Once you know your seller AND buyer metrics, you can make better decisions about which side you want to grow more (to get a good balance between sellers and buyers).
Cost Per Acquisition (CPA)
Your Cost Per Acquisition (CPA) is one of your most important numbers. After all, it’s the number that determines the viability of your business. You should track your CPA for both your sellers and buyers.
The acquisition cost includes your marketing and sales expenses. If our CPA increases too much, you risk running a marketplace that’s not profitable enough as a business. That’s why you need to track ALL your spending (staff costs included) to adjust your marketing efforts if you end up overspending.
Net Promoter Score (NPS)
Your Net Promoter Score (NPS) is a metric that shows you how likely your customers are to recommend your business to their network. If that score is high (up to 10), you have a good NPS. If, on the other hand, your NPS is as low as 1, you won’t get much word-of-mouth marketing.
9-10: Promoters or loyal customers who are happy to recommend your brand.
7-8: Passives or satisfied customers who aren’t enthusiastic.
0-6: Detractors or customers who are dissatisfied and will have a negative impact on your brand.
You calculate your NPS by deducting the number of detractors from the number of promoters to get a score between -100 or +100. An NPS that is higher than 0 is good and a score above +50 is great.
Life-Time Value (LTV)
The Life-Time Value (LTV) of your users is another important marketplace startup metric. LTV is usually calculated on a 1-to-3 year basis and points to the revenue you expect to get from every user. Your LTV needs to be higher than your acquisition costs, CPA.
How do you calculate your LTV? First, you need to figure out the average amount of repeat purchases per customer on your marketplace.
Then, by dividing your Gross Merchandise Value, so the value of goods or services sold on your platform, by the number of transactions per month, you get an average order value. Now, multiply this with the average amount of repeat purchases and you have your LTV.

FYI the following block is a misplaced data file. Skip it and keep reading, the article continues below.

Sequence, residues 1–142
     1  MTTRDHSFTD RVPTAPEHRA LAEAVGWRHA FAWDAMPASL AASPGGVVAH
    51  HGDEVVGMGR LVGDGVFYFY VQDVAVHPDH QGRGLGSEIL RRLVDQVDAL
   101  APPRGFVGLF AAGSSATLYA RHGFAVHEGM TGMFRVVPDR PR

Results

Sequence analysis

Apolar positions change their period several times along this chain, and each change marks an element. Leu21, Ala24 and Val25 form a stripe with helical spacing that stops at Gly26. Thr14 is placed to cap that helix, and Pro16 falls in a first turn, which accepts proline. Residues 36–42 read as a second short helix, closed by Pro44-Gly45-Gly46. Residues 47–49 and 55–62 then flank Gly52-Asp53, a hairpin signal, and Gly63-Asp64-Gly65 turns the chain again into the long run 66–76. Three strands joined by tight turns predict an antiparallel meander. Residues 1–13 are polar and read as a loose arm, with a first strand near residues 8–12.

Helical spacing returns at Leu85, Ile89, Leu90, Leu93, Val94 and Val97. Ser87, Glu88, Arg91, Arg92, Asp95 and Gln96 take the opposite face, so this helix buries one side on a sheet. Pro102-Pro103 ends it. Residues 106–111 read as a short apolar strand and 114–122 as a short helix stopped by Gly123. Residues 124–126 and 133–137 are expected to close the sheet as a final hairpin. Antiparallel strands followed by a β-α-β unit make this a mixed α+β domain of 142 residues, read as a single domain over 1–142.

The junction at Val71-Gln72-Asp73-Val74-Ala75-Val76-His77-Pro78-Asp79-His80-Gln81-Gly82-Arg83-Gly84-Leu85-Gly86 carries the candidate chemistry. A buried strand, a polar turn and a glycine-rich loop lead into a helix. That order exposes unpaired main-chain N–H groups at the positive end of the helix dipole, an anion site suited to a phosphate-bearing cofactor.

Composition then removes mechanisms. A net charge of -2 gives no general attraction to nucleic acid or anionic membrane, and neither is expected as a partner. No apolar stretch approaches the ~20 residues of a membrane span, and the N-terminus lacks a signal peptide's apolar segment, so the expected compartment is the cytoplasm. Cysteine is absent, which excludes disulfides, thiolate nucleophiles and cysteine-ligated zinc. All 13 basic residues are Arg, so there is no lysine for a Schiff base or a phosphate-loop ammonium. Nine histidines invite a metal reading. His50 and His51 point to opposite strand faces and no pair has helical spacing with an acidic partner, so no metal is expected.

(GMV / # of transactions) x average # of repeat purchases
Marketplace website KPIs
By using a free tool like Google Analytics, you can quickly get an overview of how your website visitors are interacting with your business. Getting these insights is crucial because you see in a concrete way where there’s room for improvement.
The metrics you should look at are: The number of monthly users, time on site, and bounce rate.
How many monthly unique users does your marketplace website attract? If this number is stagnating, your growth is starting to slow and you’ll want to look at marketing strategies to get it to pick up again.
Time on site
The time your visitors spend on your site is an indicator of how engaging your site is. Are they leaving after less than a minute? You’ll need to investigate if something is going on with your listings (for example, are they not matching market demand?).
Your site’s bounce rate shows how many visitors don’t engage at all on your marketplace. If the bounce rate is high, it means that people are coming to your site and leaving without checking out any other pages.
Advanced marketplace metrics: How big-name marketplaces track their metrics
Wondering how big marketplace businesses like Uber or Airbnb track their metrics?
While both companies started where you are today (tracking GMVs and CPAs), they use advanced data analytics to make decisions about their metrics today.
Take Uber. According to the company’s blog, Uber’s marketplace metrics show exactly how it forecasts and distributes drivers to areas before the need arises to optimize orders and revenue.
The same goes for Airbnb. Airbnb uses key metrics to determine things like host preference. That way, the company improves the user experience for both hosts and guests (which, in turn, affects things like the cost per acquisition and lifetime value).
While your marketplace probably isn’t at the billion-dollar mark just yet, it’s helpful to see how important it is to track metrics. Start with the core numbers and scale your efforts once your marketplace starts picking up.
Want to build the best marketplace platform?
There you have it! Now you know how to measure your marketplace metrics and how to use them to create a successful marketplace. What it comes down to is running through your numbers to see where your marketplace is today. To create a sustainable and converting strategy, this is a must.
Want to create the best marketplace platform? At Kreezalid, we have years of experience helping marketplaces get started and scale. We’ve taken that experience and created the ultimate marketplace website builder. Try it now (the next 14 days are free!).